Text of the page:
Qualified purchasers are Britons and the nationals of any other country at peace with Britain. Auctions will be held on the first Monday of each month commencing December 1822 and about 50,000 lbs will be on offer each month, packed in bales of 100 lbs each and sorted into 1st, 2nd and 3rd quality. Each Lot will be comprised of 5 bales. Payment is required in Ceylon money or specie. A formal Company certificate of quality and quantity will accompany each purchase. This document permits exports duty-free.

The public is reminded that the export of cinnamon without a licence is a criminal offence attracting a fine of $300 Rix per Pound exported. Retail of cinnamon through licensed shops within the island will continue under the current Regulations.

Sat 23rd Nov 1822

Colombo – the auction of government cinnamon will be held on 2nd December. Successful bidders will pay 10% of their bid as deposit. Balance payable on taking receipt. Goods will be stored subsequently in the government warehouse for 3 months free of charge.

Sat 13th Sept 1823

George IV-in-Council issued an Order on 31st January 1823 for the trade of Ceylon. British wool, cotton, iron and steel goods may be imported to Ceylon by British or foreign ships. If the latter, the import duty is increased by 50% unless the foreign country allows Ceylonese goods in British ships at the same tariff as its own shipping. Competing foreign goods will be confiscated. Ceylonese exports loaded to foreign ships will be charged 8% ad valorem more than the duty charged to British ships, unless the above reciprocity is permitted.

Friend of China 23.2.43 edition

Ceylon – the papers say coffee cultivation in the interior has been very successful. In 2 – 3 years Ceylon will supply all the needs of the English market.

Footnotes    (↵ returns to text)
  1. Company strategic thinking assesses Ceylon as one of the ‘keys to India’. It has the enhanced defensive security of an island but is large enough to provision great armies. It additionally has a superb port at Trincomalee. It thus comprises a good place from which to invade India or, if one is expelled from India, to retreat to in time of difficulty.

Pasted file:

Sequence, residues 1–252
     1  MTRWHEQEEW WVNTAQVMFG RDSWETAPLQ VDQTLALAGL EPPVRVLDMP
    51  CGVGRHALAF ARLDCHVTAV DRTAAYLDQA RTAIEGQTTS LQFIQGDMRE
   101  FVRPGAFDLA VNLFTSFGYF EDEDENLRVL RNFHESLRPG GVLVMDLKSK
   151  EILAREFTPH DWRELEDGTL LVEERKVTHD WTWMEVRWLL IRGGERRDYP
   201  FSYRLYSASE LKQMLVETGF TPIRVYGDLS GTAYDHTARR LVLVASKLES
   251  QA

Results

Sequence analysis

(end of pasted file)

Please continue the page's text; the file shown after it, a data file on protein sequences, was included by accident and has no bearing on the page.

2. The de Meuron regiment of mercenaries, originally from Neuchatel, entered British service at this time. They led the assault on Seringapatam, acted as garrison in Malta, fought in the Peninsula and later Canada.
  3. The war at home has meant VOC employees abroad are running the Company themselves.
  4. The low level of interest payable suggests the London East India Company chose to pay excessively for its loans in India. In the next edition it is said the value of the cargoes on the two Dutch Indiamen in harbour is £1.8 millions, about ten times the value set on Dutch property by Governor van Angelbeck. There are two other smaller ships entirely full of cinnamon which was at the time a Ceylonese (and therefore Dutch) monopoly. A few days after the Dutch capitulation, the King of Kandy visited Colombo.
  5. The first public inklings of resentment at the thoroughly corrupt regime that Madras has established in Ceylon
  6. Frederick North continued as Governor from 1798 until 1805.
  7. The former would compete with the Company’s Chinese nankeens and the later is one of the Company’s monopolies, like the Ceylon pearl fisheries
  8. The Malibari referred to are Ceylonese who have a distinct language and generally follow the Buddha’s path although there are some ethnic similarities. The people of Malabar are Muslim or Hindu. The Company’s position is that it has obtained Oaths of Allegiance from residents and will enforce them on the natives as though they are British.
  9. This is an example of the Company’s common procedure with recalcitrant native states – by just cutting-off the head and leaving the rest of the government intact it permits a seamless transfer of power. Replace the King – nothing; replace the minister – trouble.